So, what is missing in the library for a 1.0 release? The following features:
  • support multiple calendars (easy to do, is a matter of using another¬†URL as base to do the network operations)
  • support recurrent events in calendar (thanks to the fact that google¬†uses an invalid iCal to represent it, it gets tricky to implement it¬†since a iCal parser would fail to read this data). An idea to¬†implement this would be to ‘convert’ the invalid iCal from google to a¬†valid one and do the opposite when sending data back to the google server.
  • batch commit (nice to have, but not a hard requirement)
  • port/rewrite it all to Qt (seriously, this was actually started¬†already: Here I’m somewhat¬†unsure, if Qt has support for the XPath/XQuery in Symbian (it seems¬†that RTTI is not supported in this OS).

Oh well… so, why not give it a try? If you got the skills, go on and download the sources (please check the README and INSTALL files) and feel free to report to me how things worked (or not…).

If you are a normal user, I think in a couple of weeks it should get packaged for your loved distro.

June 11, 2010 at 2:16 am 19 comments

6 months of plasma in 10 minutes

Not really… It is actually 7 months of “kdelibs/plasma” (or libplasma) repository activity in 15 minutes (but that would not sound really as attractive as a post title).

Today a fellow co-worker showed to me a really nice application: gource (like ‘source’ but with ‘g’ letter, maybe for ‘graphics’) written by Andrew Caudwell. This application offers some really nifty source code control visualization and supports git/mercurial and other source code control systems using some hacks.

Since internet speed (not even talking about latency…) in Manaus/Amazonas is lacking to say the least, I decided to use git-svn to checkout a specific revision of kdelibs/plasma directory and later I did a rebase to update the code with the trunk.

So, for your amusement, enjoy.

[ ?posts_id=3669707&dest=-1]

I have some hints about this visualization:

  • in the first seconds there is an explosion of files (because I didn’t checkout the code from the very first commit in svn, is like the touched files warped inside of logs)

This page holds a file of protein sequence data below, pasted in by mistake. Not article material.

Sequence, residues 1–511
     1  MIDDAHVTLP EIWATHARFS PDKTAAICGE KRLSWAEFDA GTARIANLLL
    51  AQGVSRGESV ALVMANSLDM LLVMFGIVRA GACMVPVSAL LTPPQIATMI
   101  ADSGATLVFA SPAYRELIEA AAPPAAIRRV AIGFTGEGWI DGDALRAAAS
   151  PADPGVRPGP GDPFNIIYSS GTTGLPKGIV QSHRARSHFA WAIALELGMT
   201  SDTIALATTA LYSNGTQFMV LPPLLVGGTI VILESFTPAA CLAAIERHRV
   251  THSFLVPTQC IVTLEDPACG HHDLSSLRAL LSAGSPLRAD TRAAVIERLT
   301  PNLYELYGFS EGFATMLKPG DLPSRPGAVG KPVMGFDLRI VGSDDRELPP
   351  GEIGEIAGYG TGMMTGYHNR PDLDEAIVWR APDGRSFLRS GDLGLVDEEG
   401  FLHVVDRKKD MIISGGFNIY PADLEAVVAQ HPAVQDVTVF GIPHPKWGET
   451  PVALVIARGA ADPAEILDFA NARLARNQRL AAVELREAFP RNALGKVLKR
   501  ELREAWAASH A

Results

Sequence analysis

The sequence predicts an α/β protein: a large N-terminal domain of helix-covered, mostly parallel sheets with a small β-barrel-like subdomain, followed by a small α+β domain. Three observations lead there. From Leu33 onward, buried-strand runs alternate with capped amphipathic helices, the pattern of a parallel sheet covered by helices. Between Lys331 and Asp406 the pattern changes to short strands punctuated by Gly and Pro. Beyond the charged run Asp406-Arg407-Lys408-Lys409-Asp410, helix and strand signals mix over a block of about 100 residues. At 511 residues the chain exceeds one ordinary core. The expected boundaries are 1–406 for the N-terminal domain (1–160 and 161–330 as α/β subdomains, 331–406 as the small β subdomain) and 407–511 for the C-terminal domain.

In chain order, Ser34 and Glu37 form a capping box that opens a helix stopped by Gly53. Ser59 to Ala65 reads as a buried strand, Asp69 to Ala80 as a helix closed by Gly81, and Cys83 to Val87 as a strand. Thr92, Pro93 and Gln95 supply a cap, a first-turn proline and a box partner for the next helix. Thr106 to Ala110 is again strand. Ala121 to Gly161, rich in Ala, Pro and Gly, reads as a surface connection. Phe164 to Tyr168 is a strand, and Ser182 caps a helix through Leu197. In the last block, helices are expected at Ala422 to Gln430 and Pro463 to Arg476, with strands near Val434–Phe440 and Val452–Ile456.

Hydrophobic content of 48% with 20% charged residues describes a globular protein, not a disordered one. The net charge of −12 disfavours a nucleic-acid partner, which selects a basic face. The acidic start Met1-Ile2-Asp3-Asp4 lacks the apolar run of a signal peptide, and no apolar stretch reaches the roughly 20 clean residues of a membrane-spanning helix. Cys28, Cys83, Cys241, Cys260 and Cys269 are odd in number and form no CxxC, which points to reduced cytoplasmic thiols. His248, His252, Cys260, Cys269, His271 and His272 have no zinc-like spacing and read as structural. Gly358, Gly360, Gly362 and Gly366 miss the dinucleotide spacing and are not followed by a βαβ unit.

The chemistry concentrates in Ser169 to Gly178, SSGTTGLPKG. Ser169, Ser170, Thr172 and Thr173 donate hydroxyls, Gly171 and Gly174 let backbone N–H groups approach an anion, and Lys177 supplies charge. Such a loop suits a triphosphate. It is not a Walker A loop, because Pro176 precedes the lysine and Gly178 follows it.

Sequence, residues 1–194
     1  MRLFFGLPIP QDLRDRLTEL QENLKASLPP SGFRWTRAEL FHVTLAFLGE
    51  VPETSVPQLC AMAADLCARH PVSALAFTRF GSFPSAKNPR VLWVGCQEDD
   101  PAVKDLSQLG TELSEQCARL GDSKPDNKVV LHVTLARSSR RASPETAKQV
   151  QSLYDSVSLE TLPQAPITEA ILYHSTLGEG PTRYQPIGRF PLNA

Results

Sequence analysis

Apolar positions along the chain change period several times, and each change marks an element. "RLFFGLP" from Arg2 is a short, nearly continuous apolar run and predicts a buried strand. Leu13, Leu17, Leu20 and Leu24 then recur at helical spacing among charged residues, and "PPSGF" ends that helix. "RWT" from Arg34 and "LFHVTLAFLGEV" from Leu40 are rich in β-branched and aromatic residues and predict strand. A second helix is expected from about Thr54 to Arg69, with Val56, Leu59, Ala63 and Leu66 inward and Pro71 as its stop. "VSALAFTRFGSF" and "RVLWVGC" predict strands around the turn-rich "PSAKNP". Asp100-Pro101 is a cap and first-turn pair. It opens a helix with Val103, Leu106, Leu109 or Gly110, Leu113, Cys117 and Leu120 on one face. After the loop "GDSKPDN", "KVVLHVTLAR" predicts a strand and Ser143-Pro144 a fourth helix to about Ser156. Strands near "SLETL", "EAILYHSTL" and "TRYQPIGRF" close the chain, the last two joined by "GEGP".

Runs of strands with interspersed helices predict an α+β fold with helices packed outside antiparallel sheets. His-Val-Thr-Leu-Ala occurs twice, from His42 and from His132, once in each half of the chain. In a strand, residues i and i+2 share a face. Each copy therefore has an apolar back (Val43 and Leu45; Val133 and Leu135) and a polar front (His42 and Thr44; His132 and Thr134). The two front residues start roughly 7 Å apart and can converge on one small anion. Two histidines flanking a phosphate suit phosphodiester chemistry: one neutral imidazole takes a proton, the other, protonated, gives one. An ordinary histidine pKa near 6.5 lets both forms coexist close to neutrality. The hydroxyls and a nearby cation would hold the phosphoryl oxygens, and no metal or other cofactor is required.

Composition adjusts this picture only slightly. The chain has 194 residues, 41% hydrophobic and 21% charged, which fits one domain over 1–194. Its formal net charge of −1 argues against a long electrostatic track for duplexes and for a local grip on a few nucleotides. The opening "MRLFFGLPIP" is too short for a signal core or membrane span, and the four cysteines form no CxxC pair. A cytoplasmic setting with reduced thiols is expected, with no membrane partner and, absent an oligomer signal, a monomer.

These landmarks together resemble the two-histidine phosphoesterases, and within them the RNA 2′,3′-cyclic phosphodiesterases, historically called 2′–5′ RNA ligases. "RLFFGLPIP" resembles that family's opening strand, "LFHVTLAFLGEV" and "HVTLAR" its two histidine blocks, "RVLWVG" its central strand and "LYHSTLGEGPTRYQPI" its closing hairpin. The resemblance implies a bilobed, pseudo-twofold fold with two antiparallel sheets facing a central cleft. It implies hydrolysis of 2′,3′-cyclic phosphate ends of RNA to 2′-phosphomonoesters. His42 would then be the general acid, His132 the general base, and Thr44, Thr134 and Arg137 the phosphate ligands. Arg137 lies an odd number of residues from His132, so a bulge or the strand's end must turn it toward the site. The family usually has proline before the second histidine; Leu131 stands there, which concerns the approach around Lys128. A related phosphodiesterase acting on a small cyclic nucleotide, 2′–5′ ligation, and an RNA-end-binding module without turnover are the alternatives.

• the code seems to be rather modular (there are a well defined set of clusters on it)
  • development speed is affected by some special dates (feature freeze, Christmas, Tokamak, etc)
  • there are a quite varied number of contributors working in libplasma (which is good! KDE is a pretty open community)
  • the overall champions in commits are (unsurprisingly!) Aaron and Marco ūüôā

May 21, 2010 at 3:42 am 2 comments

Lies, big fat lies and benchmarks

There is the old saying, ‘there are lies, big fat lies and there are benchmarks’, but after my previous post about the jsanim, it was time to try to measure how good or bad the javascript based animations are when comparing it against Plasma::Animations (written in C++).

== what to measure? ==

The first task was to have a meaningful number and frames per second (FPS) sounds like a good idea. The only issue is that QGraphicsView will only update parts in the scene that need redrawing (besides it seems that there is not an easy way to access the draw events without subclassing). My solution was to set a counter for the Animation::updateCurrentTime() method that is called while the animation is running, given that the documentation says that “… neither the interval between calls nor the number of calls to this function are defined; though, it will normally be 60 updates per second.”. Maybe I should call it Function calls Per Second (FCPS). ūüôā

Another important factor that can impact hugely is this kind of benchmark is both the hardware as also the graphics system used by Qt (and finally if the window manager has composite effect turned on). My test computer is a macbook (version 4.1), Intel Core 2 Duo (T8300@2.4Ghz), video Intel Mobile GM965/GL960), Qt 4.7 from master repository and I run the tests with composite disabled and got this results.